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Notes & Quotes: The Odd, Odd-Man Rush

by Deborah Francisco / Pittsburgh Penguins
Thoughts, observations and comments from the Penguins’ 6-2 victory over the Atlanta Thrashers.

The Odd, Odd-Man-rush
It’s not every day a pair of defensemen get an odd-man rush. Halfway through the third period, Mark Eaton and Sergei Gonchar found themselves in such a situation. Eaton just came out of the penalty box when he joined Gonchar in the neutral zone. Gonchar fed a nice pass through the slot for Eaton to tap in for the point. Gonchar, a veteran blueliner, has never seen such an odd-man rush in all of his career.

“That has never happened in my life before,” Gonchar said. “Obviously, you are not going to see many of those but it’s kind of neat, especially for Mark. You’re not seeing him that many times leading the rush and he was there, and I am very happy that he was there and had a chance to score.”

As rare as Eaton and Gonchar’s two-on-one might be, interim head coach Dan Bylsma later explained that Eaton was technically in a forward's position when he joined the rush, but it was a delightful moment nonetheless.

“You don’t see it very often,” Bylsma said. “But let’s be clear, there were three defensemen on the ice at that time, so Eaton had just come out of the box and was technically in the forward's position. But we talked about snapping a picture of that because in all of my years of hockey I’ve never seen two defensemen leading the rush. Gonchar made a great play from forehand to backhand and split it over to Eaton and Eaton buried it.”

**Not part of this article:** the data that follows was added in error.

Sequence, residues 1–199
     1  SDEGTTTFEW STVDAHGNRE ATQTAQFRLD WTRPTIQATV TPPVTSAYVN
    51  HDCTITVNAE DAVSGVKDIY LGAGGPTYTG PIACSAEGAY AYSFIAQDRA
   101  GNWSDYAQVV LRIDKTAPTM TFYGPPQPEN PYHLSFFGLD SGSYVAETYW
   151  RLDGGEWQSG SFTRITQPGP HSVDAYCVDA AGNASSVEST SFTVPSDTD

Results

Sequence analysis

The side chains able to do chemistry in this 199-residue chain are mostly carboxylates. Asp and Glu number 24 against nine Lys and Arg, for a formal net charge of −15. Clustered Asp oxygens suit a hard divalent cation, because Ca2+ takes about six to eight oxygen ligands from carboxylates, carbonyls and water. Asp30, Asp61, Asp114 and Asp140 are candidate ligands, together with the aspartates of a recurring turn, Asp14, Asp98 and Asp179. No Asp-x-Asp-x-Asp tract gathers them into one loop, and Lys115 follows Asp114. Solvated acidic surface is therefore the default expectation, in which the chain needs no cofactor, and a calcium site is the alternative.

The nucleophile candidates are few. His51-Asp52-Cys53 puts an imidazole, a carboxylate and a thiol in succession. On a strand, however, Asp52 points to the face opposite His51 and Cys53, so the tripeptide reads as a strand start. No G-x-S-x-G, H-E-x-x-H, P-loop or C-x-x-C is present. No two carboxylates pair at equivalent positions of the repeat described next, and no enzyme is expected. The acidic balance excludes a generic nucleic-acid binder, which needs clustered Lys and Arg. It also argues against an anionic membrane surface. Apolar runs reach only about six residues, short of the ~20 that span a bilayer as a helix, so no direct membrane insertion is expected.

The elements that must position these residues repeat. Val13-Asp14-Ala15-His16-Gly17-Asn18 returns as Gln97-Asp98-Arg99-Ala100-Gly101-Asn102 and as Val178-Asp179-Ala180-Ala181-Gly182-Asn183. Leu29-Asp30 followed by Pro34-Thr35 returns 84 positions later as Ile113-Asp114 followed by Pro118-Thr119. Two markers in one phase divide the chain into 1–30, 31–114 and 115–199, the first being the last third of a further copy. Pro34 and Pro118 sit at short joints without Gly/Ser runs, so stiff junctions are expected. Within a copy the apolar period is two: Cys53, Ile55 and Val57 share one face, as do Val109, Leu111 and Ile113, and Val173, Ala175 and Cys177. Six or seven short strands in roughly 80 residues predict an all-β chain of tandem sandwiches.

The Power-Play Makeover
Pittsburgh has been tweaking it’s power play in recent games in search of a formula that can consistently earn points. The Penguins search may be over as they scored three power-play goals against the Thrashers Tuesday night - and five man-advantage goals in the past two games.

“Obviously we are improving (the power play) and we have to be happy about it,” Gonchar said. “But at the same time, as we are moving forward, we are working hard. With the additions at the crease and with Evgeni (Malkin) playing as a forward, it’s a little bit different now with the guys getting comfortable to those new situations and new positions. I’m sure they are going to improve even more but I think at the same time it’s a unique effort and we have to make sure that we are playing well for the rest of the season at the power play.”

The Penguins have a plethora of options as far as scoring talent goes, but sometimes a successful power play just needs a guy who can play with some gumption – a guy like Chris Kunitz.

“You have a lot of highly skilled guys out there who can move the puck and make plays," Kunitz said. "If you get in front of the goalie, he sees pucks late and can’t get across in time. You want to either try to get in front of the goalie first, or get a stick on it if you can second, and definitely go back and pick up pucks and get them to teammates. That’s kind of what I’m out there for.”

If the House is Rockin'
The Mellon Arena crowd of 17,088 was very vocal in the Penguins' intense tilt with the Thrashers. Newcomer Chris Kunitz is becoming accustomed to the boisterous bunch.

“Every game I’ve been here they have been rocking the building,” Kunitz said. “You hear it at whistles or chanting guys names during the play, which I’m not really used to. The fans standing on their feet and cheering and stuff, it’s a great atmosphere and a great place to play.

We're Going Streaking
Pittsburghs’ victory over the Thrashers extends its record to 9-0-2 in its past 11 contests, a league best. Their victory also capped the Thrashers’ recent win streak at 6 games.

“Expectations are obviously above what you were experiencing or thinking coming into it,” Kunitz said, “But we’ve had two ties and the rest have been wins since I’ve been here, so it’s been a good situation so far.”
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